Software

The laboratory fully supports open source and sharable code resources. Code and software play an important role in our work and we are both active users of open software and are actively contributing the code and algorithms that we develop back to the community.

PYME - the Python Microscopy Environment

PYME Acquire GUI
Interface PYME is a microscopy software environment designed and implemented by our colleague David Baddeley. David worked with us for several years, a large part of the SMLM functionality was tested and implemented while working together at the University of Auckland. David has continued to develop this package and we regularly contribute code and extensions. PYME offers a data acquisition module which performs the microscope and camera control functionality similar to that offered by e.g. micro-manager, but optimised for PALM/STORM type imaging. The PYMEAcquire GUI interface is highly configurable and has backends for a range of different hardware in terms of cameras, microscopes, etc. We run it on a range of custom built microscopes. A major strength is the flexible extensibility resulting from being built within the powerful Python framework.

PYME VisGUII Interface PYME also has a PALM/STORM data exploration and visualisation tool, VisGUI. VisGUI offers a fast and flexible tool for exploring and visualising the list of fluorophore locations that is produced by PALM/STORM analysis algorithms. VisGUI renders localisations in various different ways and can filter and process localisation events in powerful and flexible ways. Recently, we have implemented extension plugins to experiment with the qPAINT quantitative imaging paradigm and the powerful Python based infrastructure enabled the implementation of cluster based processing with relative ease.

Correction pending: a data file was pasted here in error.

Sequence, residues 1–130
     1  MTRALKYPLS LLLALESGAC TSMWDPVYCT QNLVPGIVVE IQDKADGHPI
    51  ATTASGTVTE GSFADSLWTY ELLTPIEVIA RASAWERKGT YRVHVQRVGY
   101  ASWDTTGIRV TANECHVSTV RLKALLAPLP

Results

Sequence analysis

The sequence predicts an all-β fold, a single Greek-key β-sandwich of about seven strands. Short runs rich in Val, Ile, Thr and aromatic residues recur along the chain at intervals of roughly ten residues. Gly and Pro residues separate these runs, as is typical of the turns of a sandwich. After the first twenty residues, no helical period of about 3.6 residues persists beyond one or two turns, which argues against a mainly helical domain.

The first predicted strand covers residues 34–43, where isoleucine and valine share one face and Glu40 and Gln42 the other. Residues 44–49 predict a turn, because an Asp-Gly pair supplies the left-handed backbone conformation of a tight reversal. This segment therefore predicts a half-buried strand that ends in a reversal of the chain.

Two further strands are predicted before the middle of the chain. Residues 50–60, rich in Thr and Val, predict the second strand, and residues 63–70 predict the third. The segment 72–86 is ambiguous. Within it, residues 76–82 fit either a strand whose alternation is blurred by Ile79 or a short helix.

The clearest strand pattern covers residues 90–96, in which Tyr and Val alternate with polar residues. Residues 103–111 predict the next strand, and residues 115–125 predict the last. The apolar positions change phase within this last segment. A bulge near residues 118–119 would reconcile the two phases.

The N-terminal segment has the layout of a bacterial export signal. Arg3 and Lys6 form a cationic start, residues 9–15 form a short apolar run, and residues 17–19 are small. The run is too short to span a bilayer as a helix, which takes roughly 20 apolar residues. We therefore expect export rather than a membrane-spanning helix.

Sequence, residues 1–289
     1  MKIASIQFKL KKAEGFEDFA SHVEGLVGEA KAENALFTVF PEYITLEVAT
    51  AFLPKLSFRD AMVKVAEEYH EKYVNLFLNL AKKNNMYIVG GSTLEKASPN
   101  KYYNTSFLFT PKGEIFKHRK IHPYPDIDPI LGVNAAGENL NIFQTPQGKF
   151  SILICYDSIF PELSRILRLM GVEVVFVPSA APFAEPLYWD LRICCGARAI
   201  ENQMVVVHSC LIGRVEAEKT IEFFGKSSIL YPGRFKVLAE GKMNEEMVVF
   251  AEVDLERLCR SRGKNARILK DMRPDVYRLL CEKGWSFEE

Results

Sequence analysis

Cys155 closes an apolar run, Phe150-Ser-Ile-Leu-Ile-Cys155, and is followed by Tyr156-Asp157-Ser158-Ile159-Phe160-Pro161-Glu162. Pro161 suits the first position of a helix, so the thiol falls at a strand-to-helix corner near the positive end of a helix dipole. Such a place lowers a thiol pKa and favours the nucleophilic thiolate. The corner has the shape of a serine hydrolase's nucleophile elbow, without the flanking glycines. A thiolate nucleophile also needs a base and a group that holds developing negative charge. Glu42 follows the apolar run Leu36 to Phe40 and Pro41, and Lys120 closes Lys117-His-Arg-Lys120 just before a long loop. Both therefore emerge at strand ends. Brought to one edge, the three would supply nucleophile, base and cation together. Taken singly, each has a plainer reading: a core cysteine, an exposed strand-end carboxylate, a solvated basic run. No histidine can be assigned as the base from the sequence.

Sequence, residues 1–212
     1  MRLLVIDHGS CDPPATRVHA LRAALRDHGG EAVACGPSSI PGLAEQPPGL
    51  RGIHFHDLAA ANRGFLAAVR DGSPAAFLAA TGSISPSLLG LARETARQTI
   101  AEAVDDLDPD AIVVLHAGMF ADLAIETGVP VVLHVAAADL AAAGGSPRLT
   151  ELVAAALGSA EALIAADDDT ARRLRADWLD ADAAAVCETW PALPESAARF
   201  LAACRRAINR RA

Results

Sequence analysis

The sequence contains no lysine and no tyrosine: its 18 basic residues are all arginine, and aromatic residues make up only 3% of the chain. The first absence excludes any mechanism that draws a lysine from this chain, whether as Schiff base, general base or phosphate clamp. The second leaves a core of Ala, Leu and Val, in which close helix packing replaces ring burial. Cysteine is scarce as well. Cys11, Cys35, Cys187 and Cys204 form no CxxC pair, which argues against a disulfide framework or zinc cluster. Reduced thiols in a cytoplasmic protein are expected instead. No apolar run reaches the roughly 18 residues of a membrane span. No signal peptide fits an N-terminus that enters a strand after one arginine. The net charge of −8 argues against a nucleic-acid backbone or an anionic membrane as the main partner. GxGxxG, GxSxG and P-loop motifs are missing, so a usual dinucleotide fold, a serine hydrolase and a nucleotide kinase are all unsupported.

PYME is not limited to super-resolution microscopy. It can also deal with various types of confocal data - it provides powerful deconvolution and 3D visualisation tools.

The python-microscopy page on this site has full details...

PYME bitbucket repositories

We maintain several repositories on bitbucket that contain our acquisition, analysis and control codes for various types of microscopy.

ImageJ/Fiji

Fiji Fiji is an image processing package—a "batteries-included" distribution of ImageJ, bundling a lot of plugins which facilitate scientific image analysis.

ImageJ Fiji comes in handy all the time for various smaller and larger jobs on image processing. Its GUI interface makes it very suitable for beginners, students and all those who are not yet experts in writing their own code with Python, IDL or similar languages.

We do not contribute ourselves to Fiji/ImageJ but promote its use and support as a great example of an open software tool that has become very useful and allows access to high quality image processing for those who are not programmers at heart.

We recommend using Fiji over standalone imageJ as the updating mechanism and plugin handling is vastly superior in Fiji which essentially wraps a package manager type application around ImageJ and therefore makes maintenance a breeze.

PDL

PDL LogoNow of mostly historical interest, CS is one of the original core developers of PDL, an array language like matlab, IDL, or numpy, which is based on the Perl scripting language.

PDL ("Perl Data Language") gives standard Perl the ability to compactly store and speedily manipulate the large N-dimensional data arrays which are the bread and butter of scientific computing.

PDL turns Perl into a free, array-oriented, numerical language similar to (but, we believe, better than) such commercial packages as IDL and MatLab. One can write simple Perl expressions to manipulate entire numerical arrays all at once. Simple interactive shells are provided for use from the command line along with the PDL module for use in Perl scripts.

PDL was the first larger open software project that CS had become involved with. One of the nicest side effects was getting to know two fellow academics and programmers, Karl Glazebrook who is now a professor of astronomy at Swinburne and Tuomas Lukka who is now chief scientist at Zen Robotics.